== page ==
As the budget deadline bears down on Jerry Brown, he obviously has no intention of being truthful with Californians. In his latest masking of reality, Brown says: “We have a plan, and it’s a very good plan,” Brown said. “It will put California’s finances on a firm footing for many, many years to come.” In truth, Brown plan includes a 27% increase in spending purportedly financed by $58 billion in new taxes over 5 years. That’s not economic firm footing – it’s more like financial quicksand.

Let’s be clear about the state of the California budget. There is no need for a tax increase and any such tax rate increase will only hurt future budgets. Several weeks ago, Republicans gave Brown a no tax increase budget that preserved education funding. Brown said no.

Why? Two simple reasons. First, he wants more money to pay for his 27% increase in spending. That’s right, all of Brown’s scare tactics and demands for taxes this year have nothing to do with this year’s budget – they have to do with his completely irresponsible desire to increase spending by $24 billion dollars over the next three years alone. Neither a single independent nor Democrat voter I have spoken to about that spending increase believes that is the right thing to do. Instead of making videos, perhaps Jerry Brown should level with California voters about his spending increase.

The second reason, of course, is that Jerry Brown’s main backers continue to want unchained license when it comes to spending in this state. Brown carried on a charade for months of budget negotiations. He was all take and no meaningful give. He gave a disingenuous S.O.S in his State of the State that he needed new ideas. Republicans gave him 53. By Brown’s rejection of any of those serious reforms, the Republicans who negotiated with Brown proved that he was not serious about a spending cap, pension reform or regulatory reform. Without those reforms, our creditors have no reason to improve our credit rating and prospective employers have reason to fear they will face higher taxes – both of which hurt our economy and kills jobs.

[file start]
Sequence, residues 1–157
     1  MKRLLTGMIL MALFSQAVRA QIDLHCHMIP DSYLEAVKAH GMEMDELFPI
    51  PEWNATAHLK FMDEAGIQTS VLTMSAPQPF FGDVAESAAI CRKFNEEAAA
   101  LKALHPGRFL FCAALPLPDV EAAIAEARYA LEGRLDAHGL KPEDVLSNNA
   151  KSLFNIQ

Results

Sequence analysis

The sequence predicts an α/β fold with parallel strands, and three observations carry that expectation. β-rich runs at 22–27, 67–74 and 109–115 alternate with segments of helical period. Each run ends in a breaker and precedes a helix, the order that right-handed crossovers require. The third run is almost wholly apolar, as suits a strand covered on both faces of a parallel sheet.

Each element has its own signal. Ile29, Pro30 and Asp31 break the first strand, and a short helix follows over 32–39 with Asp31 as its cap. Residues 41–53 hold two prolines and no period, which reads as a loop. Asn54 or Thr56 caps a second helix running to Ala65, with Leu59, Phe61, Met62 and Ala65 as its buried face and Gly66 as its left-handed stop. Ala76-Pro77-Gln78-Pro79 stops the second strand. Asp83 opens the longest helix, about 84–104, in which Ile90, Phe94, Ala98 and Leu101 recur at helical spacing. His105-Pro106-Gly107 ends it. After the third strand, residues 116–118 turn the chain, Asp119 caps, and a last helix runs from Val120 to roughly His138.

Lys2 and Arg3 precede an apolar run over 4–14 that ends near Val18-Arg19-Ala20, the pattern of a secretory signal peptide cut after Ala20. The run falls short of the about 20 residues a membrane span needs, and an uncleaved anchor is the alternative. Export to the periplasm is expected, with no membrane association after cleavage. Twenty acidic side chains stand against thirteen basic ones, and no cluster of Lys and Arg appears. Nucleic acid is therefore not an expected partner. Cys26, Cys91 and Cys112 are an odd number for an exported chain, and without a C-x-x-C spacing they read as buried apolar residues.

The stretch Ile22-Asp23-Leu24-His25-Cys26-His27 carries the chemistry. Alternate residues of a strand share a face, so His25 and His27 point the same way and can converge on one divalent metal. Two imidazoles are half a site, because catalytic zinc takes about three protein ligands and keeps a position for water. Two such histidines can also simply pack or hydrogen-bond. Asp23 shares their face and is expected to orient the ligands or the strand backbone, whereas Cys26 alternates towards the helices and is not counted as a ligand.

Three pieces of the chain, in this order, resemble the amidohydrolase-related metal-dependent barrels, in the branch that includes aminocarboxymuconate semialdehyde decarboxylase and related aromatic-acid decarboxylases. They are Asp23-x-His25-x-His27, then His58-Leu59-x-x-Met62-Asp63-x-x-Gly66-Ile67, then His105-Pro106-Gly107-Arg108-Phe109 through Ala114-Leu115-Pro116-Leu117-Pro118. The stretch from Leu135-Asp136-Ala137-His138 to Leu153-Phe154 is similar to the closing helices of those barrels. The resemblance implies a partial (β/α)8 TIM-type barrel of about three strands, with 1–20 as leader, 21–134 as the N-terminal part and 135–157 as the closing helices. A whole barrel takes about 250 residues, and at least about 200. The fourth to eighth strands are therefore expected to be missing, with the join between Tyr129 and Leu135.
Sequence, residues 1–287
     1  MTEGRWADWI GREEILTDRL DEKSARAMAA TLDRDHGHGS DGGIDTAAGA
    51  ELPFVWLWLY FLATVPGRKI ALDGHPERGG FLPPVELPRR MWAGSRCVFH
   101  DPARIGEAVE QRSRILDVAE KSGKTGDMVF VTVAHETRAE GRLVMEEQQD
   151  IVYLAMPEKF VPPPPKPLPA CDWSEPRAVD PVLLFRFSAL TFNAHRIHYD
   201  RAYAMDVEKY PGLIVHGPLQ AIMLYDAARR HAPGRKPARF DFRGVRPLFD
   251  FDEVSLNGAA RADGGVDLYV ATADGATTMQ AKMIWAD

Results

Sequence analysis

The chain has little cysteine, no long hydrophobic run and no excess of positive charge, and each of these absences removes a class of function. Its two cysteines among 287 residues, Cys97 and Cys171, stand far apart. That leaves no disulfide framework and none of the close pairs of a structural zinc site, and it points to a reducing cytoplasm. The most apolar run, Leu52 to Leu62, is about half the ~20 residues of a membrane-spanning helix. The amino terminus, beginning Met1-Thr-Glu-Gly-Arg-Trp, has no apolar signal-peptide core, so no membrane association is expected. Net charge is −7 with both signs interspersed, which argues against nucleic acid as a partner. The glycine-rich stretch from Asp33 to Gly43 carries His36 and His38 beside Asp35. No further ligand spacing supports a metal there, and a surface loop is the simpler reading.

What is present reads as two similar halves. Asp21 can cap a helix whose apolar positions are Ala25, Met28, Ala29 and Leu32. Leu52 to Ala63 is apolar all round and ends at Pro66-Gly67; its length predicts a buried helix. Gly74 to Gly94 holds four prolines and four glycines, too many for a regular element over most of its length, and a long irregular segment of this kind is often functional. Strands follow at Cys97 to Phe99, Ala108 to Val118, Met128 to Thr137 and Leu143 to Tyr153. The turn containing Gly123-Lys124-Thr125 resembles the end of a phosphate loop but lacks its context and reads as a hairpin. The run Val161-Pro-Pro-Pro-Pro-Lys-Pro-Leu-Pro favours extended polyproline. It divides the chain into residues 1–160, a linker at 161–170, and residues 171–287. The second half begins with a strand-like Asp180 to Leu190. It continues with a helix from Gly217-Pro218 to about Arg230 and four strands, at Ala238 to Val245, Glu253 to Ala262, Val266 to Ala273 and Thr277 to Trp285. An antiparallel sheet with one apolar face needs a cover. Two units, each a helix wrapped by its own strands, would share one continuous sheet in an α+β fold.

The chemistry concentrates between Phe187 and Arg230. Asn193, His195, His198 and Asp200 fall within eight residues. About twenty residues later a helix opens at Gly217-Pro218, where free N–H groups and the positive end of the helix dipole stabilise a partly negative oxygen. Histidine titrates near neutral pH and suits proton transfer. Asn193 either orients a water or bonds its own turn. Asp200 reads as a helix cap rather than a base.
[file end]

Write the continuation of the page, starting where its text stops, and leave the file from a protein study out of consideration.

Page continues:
When revenues came in in excess of projections, Brown doubled down on spending and taxes. Incredibly, rather than politically thank his lucky stars he wouldn’t need to be rejected by voters on taxes (the last 7 statewide tax increases have been heartedly rejected), Brown pushed for more spending that accounted for all of the unexpected revenue – this from a man who claims that he would make hard choices.

By any credible analysis, Californians don’t have the money to bail out Sacramento any more. They have lost more than $1.7 trillion in homeowner equity since 2007 and face the second highest unemployment/underemployment rates in the country. Brown’s call for $58 billion in new taxes is as wise as Hoover’s and FDR’s tax increases during the Great Depression.

That’s the truth of it and no one should support Jerry Brown’s request for increasing spending by 27%.